Scale Dependence of Overconfidence in Stock Market Volatility Forecasts

9 Pages Posted: 27 Jun 2007

See all articles by Markus Glaser

Markus Glaser

Ludwig Maximilian University of Munich (LMU) - Faculty of Business Administration (Munich School of Management)

Martin Weber

University of Mannheim - Department of Banking and Finance

Thomas Langer

University of Muenster - Finance Center

Jens Reynders

Siemens Management Consulting

Date Written: June 27, 2007

Abstract

In this study, we analyze whether volatility forecasts (judgmental confidence intervals) are influenced by the specific elicitation mode (i.e. whether forecasters have to state future price levels or directly future returns as upper and lower bounds). We present questionnaire responses of about 250 students from two German universities. Participants were asked to state median forecasts as well as confidence intervals for seven stock market time series. Using a between subject design, one half of the subjects was asked to state future price levels, the other group was directly asked for returns. Consistent with prior research we find that subjects underestimate the volatility of stock returns, indicating overconfidence. As a new insight, we find that the strength of the overconfidence effect in stock market forecasts is highly significantly affected by the fact whether subjects provide price or return forecasts. Volatility estimates are lower (and the overconfidence bias is thus stronger) when subjects are asked for returns compared to price forecasts.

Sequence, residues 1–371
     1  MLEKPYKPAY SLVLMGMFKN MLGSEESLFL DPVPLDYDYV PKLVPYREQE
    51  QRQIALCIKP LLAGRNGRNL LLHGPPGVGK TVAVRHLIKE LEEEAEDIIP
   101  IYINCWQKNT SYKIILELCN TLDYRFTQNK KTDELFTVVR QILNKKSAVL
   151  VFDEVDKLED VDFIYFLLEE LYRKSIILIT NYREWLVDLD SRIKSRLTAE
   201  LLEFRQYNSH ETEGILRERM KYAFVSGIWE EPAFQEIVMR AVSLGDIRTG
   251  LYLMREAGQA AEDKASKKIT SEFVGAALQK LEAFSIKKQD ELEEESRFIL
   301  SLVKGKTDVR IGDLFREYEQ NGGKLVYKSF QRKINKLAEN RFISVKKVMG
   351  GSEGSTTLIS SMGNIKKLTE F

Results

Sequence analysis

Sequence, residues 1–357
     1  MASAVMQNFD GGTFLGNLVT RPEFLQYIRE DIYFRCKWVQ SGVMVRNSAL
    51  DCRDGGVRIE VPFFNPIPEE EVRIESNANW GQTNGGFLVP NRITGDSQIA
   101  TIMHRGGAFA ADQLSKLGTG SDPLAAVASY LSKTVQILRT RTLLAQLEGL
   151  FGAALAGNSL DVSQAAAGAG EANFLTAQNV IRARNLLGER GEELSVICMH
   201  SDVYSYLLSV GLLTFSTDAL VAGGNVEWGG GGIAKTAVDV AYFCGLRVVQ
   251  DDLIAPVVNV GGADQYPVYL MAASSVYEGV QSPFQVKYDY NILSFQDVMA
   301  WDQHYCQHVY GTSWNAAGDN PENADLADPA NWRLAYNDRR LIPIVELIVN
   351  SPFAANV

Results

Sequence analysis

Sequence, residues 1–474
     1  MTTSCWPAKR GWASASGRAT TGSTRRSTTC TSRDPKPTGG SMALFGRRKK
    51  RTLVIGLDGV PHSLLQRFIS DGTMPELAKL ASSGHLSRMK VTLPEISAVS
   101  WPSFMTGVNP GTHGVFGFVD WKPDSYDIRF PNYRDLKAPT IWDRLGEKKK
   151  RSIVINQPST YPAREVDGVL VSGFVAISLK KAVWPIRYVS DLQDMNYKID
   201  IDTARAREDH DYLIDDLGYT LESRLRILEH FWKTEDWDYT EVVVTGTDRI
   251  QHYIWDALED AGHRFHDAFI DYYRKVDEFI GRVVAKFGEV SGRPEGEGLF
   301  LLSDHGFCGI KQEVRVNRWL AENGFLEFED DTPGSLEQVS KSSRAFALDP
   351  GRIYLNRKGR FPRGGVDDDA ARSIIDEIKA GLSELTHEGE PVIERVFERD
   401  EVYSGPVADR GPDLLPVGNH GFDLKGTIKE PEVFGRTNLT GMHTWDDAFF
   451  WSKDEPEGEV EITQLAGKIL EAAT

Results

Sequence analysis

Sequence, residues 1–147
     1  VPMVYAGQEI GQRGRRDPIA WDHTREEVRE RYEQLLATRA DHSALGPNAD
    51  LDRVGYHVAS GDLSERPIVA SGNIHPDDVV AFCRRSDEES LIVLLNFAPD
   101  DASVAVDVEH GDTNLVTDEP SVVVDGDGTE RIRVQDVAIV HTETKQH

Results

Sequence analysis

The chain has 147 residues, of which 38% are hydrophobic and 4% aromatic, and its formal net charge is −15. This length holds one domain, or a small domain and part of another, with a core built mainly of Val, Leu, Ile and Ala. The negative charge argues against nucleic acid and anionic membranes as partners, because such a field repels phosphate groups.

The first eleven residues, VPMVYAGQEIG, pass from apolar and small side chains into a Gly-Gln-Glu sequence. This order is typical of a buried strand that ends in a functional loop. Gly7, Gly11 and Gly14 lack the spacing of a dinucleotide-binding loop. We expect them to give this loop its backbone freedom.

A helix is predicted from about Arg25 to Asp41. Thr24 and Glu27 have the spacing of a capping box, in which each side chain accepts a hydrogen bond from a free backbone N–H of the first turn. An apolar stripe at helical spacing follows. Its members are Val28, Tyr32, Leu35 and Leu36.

Keywords: Volatility forecast, confidence interval, individual investor, overconfidence

JEL Classification: C9, G1

Suggested Citation

Glaser, Markus and Weber, Martin and Langer, Thomas and Reynders, Jens, Scale Dependence of Overconfidence in Stock Market Volatility Forecasts (June 27, 2007). Available at SSRN: https://ssrn.com/abstract=996849 or http://dx.doi.org/10.2139/ssrn.996849

Markus Glaser (Contact Author)

Ludwig Maximilian University of Munich (LMU) - Faculty of Business Administration (Munich School of Management) ( email )

Schackstra├če 4
Munich, 80539
Germany

Martin Weber

University of Mannheim - Department of Banking and Finance ( email )

D-68131 Mannheim
Germany
+49 621 181 1532 (Phone)
+49 621 181 1534 (Fax)

Thomas Langer

University of Muenster - Finance Center ( email )

Universitatsstr. 14-16
Muenster, 48143
Germany
+49 251 83 22033 (Phone)

Jens Reynders

Siemens Management Consulting ( email )

St.-Martin-Str. 76
D-81541 Munich
Germany

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